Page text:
Richard Knox

Since he joined NPR in 2000, Knox has covered a broad range of issues and events in public health, medicine, and science. His reports can be heard on NPR's Morning Edition, All Things Considered, Weekend Edition, Talk of the Nation, and newscasts.

Among other things, Knox's NPR reports have examined the impact of HIV/AIDS in Africa, North America, and the Caribbean; anthrax terrorism; smallpox and other bioterrorism preparedness issues; the rising cost of medical care; early detection of lung cancer; community caregiving; music and the brain; and the SARS epidemic.

Before joining NPR, Knox covered medicine and health for The Boston Globe. His award-winning 1995 articles on medical errors are considered landmarks in the national movement to prevent medical mistakes. Knox is a graduate of the University of Illinois and Columbia University. He has held yearlong fellowships at Stanford and Harvard Universities, and is the author of a 1993 book on Germany's health care system.

He and his wife Jean, an editor, live in Boston. They have two daughters.

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5:26pm

Fri July 8, 2011
Science And Medicine

A Prenatal Surgery For Spina Bifida Comes Of Age

Drs. Lee Sutton and Scott Adzick perform prenatal surgery on Sarah White's fetus. The fetus has spina bifida — a hole in the lower back that exposes the spinal cord.
Jane Greenhalgh NPR

When she was 19 weeks pregnant, Sarah White went for a routine ultrasound and got a shock.

"I could tell that something was wrong because the ultrasound tech got real quiet," White says.

White's male fetus had spina bifida — a hole in his lower back that exposed the vulnerable spinal cord.

"When they said, 'Your baby has spina bifida,' I knew it wasn't good," says Joe Hensley, White's husband. "But I didn't have a sense of what was involved."

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12:59pm

Fri July 8, 2011
Shots - Health Blog

Cancer Patient Gets First Totally Artificial Windpipe

Dr. Paolo Macchiarini, of Karolinska University Hospital, implants a synthetic windpipe.
Karolinska Institute

In a milestone for the fast-evolving field of tissue engineering, a 36-year-old geology student from Africa is breathing through a synthetic windpipe created in a laboratory from plastic and his own bone marrow cells.

Andemarian Teklesenbet Beyene was discharged today from the Karolinska Institute in Stockholm, one day short of a month since he had his cancerous windpipe replaced with the custom-made spare part.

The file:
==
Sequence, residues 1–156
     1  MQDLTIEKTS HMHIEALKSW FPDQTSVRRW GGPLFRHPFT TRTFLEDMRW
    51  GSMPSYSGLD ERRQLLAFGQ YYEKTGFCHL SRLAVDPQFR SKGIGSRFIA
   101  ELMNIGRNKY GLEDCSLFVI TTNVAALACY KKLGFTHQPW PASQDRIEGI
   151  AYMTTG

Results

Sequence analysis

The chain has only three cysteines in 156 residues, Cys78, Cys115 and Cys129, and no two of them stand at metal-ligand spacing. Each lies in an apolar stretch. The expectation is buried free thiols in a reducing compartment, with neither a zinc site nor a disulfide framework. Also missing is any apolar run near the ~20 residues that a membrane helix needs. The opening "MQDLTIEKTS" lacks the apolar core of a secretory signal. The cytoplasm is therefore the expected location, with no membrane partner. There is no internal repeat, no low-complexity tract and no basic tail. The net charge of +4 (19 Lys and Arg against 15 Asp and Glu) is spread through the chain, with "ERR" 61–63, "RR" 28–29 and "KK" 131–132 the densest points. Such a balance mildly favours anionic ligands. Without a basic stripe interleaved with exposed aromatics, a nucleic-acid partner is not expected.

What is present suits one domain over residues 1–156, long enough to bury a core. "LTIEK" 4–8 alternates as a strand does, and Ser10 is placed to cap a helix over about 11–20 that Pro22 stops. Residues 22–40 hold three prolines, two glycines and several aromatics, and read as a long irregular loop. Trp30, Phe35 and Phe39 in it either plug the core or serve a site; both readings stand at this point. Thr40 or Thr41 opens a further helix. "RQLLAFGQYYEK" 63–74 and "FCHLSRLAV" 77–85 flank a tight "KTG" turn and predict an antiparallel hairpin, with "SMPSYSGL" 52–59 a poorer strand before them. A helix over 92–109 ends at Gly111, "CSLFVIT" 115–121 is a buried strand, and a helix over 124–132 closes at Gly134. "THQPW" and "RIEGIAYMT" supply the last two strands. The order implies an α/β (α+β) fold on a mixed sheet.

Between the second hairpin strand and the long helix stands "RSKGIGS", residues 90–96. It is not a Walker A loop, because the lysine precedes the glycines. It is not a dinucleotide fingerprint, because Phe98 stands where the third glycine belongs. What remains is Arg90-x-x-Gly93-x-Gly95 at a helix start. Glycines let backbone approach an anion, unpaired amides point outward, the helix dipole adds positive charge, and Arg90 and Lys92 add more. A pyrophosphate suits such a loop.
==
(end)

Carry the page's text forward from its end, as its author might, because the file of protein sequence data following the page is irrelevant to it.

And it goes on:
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6:16pm

Tue July 5, 2011
Shots - Health Blog

Colorectal Cancer Deaths Declining, But Millions Still Aren't Getting Screened

Katie Couric at the "Make That Call" For Colon Cancer Screening campaign launch in New York in March.
Slaven Vlasic Getty Images

Dr. Thomas Frieden, the director of the Centers for Disease Control and Prevention, is taking a page from TV anchor Katie Couric by going public about colonoscopy.

Three years ago Couric, whose husband died of colon cancer, had her colonoscopy on camera as a way of encouraging others to have one too. It was so effective that epidemiologists named the resulting increase in colonoscopy tests "the Couric effect."

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10:36am

Sat July 2, 2011
Shots - Health Blog

Harvard Punishes 3 Psychiatrists Over Undisclosed Industry Pay

Child psychiatrist Charles Biederman, of Harvard and Massachusetts General Hospital.
Massachusetts General Hospital

Harvard Medical School and Massachusetts General Hospital have disciplined three faculty members in a long-running conflict-of-interest case that became a prime exhibit in the debate over the federal Physician Payments Sunshine Act of 2010.

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8:57am

Fri July 1, 2011
Shots - Health Blog

European Disease Detectives Zero In On Fenugreek As E. Coli Source

Originally published on Fri July 1, 2011 2:56 pm

The kidney-destroying E. coli strain called O14:H4 has struck again, this time in France. And the latest outbreak is giving disease detectives more clues about how the germ is getting into Europeans' food.

It's the fenugreek seeds, they think.

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